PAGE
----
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This profile was last updated on 7/12/14  and contains information from public web pages.

Mr. Earl Butch Buchholz Jr.

Wrong Earl Butch Buchholz Jr.?

Board Member

Phone: (401) ***-****  HQ Phone
International Tennis Hall of Fame
194 Bellevue Avenue
Newport, Rhode Island 02840
United States

Company Description: The International Tennis Hall of Fame was established in 1954 and is a non-profit institution dedicated to preserving the history of tennis, inspiring and...   more
Background

Employment History

Board Memberships and Affiliations

69 Total References
Web References
Board of Directors | International Tennis Hall of Fame
www.tennisfame.com, 12 July 2014 [cached]
Earl H. Buchholz, Jr.
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Earl H. Buchholz, Jr.
Duno, along with International ...
www.venturinimotorsports.com, 18 Oct 2013 [cached]
Duno, along with International Tennis Hall of Fame member Butch Buchholz and former Miami Dolphins Player Judge Ed Newman, headlined the list of panelists who shared their life experiences with the students through the prism of the 'Champions of Character' core values.
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Inducted into the International Tennis Hall of Fame in 2005, Buchholz reached No. 5 in the world as an amateur in 1960 and was U.S. Pro Champion in 1961. Following his playing career, he became Executive Director of the ATP and the Commissioner of World Team Tennis. He later founded the International Tennis Players Championships in South Florida in 1985. That event, today known as the Sony Open, has established itself as one of the world's premier tournaments.
Tennis - Sony Ericsson Open - Management & Staff
www.sonyericssonopen.com, 12 Jan 2011 [cached]
Earl "Butch" Buchholz, Jr.
Whether in a boardroom or on a tennis court, Butch Buchholz (pronounced Buckholtz) has always been active in a sport he knows well. Chairman of the Sony Ericsson Open in Miami, Fla., Buchholz has dedicated much of his life's work to that tournament - a unique tennis championship for both men and women.
First conceptualized by Buchholz while a touring pro over 30 years ago, the first Sony Ericsson Open was played in 1985 and since then the tournament has grown into the fifth largest tennis tournament in the world. Today, with $9.0 million in prize money and all the top players competing, the Sony Ericsson Open is surpassed in size and stature only by the four Grand Slams. As a 12-day event, the tournament drew 293,228 fans in 2009 - the second highest attendance - and features a permanent stadium, hailed as being among the best in the world.
Active in tennis since his youth, Buchholz played his first tournament at age six and won his initial title a year later. He became the first player to win junior titles at the Australian Open (1959) and French pen (1958), Wimbledon (1958) and the U.S. Junior Championships (1958). Ranked fifth in the world in 1960, Buchholz entered the professional ranks with Jack Kramer's worldwide circuit.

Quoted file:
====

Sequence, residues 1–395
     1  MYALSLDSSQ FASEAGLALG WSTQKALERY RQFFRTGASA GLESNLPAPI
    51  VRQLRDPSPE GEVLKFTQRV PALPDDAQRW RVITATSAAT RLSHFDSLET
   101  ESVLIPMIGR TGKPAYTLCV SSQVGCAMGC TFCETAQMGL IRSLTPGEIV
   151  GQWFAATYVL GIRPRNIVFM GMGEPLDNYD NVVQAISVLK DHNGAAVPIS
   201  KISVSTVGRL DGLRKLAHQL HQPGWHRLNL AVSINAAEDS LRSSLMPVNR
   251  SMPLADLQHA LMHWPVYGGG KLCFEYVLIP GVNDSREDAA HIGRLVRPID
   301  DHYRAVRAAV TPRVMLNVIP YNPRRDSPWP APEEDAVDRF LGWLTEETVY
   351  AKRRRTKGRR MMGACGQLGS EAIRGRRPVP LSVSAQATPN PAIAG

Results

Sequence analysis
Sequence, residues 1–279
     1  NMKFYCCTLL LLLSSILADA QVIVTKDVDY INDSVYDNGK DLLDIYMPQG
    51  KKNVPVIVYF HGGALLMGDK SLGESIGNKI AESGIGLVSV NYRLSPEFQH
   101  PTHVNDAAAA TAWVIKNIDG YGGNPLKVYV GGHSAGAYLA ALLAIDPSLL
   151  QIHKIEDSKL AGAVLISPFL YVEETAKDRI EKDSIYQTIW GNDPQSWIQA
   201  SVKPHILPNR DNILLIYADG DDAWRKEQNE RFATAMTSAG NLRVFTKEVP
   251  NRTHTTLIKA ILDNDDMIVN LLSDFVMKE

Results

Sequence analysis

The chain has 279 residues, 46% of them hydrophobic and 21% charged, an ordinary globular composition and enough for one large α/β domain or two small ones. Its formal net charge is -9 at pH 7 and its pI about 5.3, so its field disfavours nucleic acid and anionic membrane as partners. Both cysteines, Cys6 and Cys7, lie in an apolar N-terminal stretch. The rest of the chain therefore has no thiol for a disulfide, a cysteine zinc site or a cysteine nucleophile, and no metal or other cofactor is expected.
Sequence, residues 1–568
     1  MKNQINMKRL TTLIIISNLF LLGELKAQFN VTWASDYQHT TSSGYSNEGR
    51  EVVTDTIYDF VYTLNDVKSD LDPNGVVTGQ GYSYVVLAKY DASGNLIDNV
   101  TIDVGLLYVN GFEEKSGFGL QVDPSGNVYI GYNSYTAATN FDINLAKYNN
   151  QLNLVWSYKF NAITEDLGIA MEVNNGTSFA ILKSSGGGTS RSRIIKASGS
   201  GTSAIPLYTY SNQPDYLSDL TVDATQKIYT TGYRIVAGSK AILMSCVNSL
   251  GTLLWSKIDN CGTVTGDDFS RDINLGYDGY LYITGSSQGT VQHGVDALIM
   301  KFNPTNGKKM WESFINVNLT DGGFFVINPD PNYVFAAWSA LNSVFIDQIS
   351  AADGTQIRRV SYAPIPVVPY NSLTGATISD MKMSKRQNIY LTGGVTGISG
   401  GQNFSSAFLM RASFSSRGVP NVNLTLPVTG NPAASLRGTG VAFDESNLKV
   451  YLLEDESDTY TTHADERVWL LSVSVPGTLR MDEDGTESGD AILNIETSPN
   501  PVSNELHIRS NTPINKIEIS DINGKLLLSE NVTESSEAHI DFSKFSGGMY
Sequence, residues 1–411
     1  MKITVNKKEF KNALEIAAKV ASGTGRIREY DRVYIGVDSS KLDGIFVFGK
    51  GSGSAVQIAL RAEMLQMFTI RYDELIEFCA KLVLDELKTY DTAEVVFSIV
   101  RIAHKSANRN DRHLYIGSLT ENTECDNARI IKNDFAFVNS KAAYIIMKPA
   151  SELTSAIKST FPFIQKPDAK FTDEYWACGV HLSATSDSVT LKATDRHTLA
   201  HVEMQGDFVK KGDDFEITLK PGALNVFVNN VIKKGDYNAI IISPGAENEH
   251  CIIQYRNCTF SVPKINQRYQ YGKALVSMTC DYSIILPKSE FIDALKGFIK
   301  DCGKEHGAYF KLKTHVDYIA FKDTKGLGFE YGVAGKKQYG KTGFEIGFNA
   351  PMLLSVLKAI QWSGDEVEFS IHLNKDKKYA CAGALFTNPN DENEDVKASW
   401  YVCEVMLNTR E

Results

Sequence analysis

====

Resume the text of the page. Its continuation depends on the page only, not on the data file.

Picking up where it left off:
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A founding member of the first men's players association in 1963, Buchholz has served tennis in many capacities. He directed tournaments in his hometown of St. Louis from 1964- 1968, directed WCT events from 1969-78, directed a Virginia Slims event in 1972, was Commissioner of World Team Tennis from 1977-78, served as Executive Director of the ATP and was a member of the men's pro council - the governing body of men's pro tennis - from 1981- 83.
Butch expanded his realm in the tennis world in 1997 by acquiring the Pilot Pen International Championships at the Connecticut Tennis Center at Yale in New Haven, Conn., a combined ATP and Sony Ericsson WTA Tour event held annually in August.
Butch added another element to the mix in 1998 when he agreed to take over the management of the prestigious 50-year-old Orange Bowl International Tennis Tournament. He secured title and presenting sponsors and rescued a junior tennis tradition from extinction. In 2000, Buchholz created an ATP International Series event played in Buenos Aires in February.
In 1992, Buchholz and the late Arthur Ashe, then tennis director at Miami's Doral Hotel, were reminiscing about how tennis programs in their hometown parks had shaped their lives. They were inspired to form the "Good Life Mentoring Program" in partnership with the Greater Miami Chamber of Commerce, providing valuable life skills for elementary and middle school students. Moore Park Tennis Center in Miami became one of the venues where hundreds of youngsters would benefit from this program.
When Buchholz saw that Moore Park's 50-year-old Tennis Center needed extensive renovation and reconstruction, he was determined to play a role in its redevelopment. He had previously been successful in forging a public-private partnership to develop the Tennis Center at Crandon Park and knew that it could work for Moore Park. Following discussions with Florida Governor Jeb Bush, Buchholz moved forward, and on March 24, 2001, the Ashe-Buchholz Tennis Center at Moore Park was dedicated.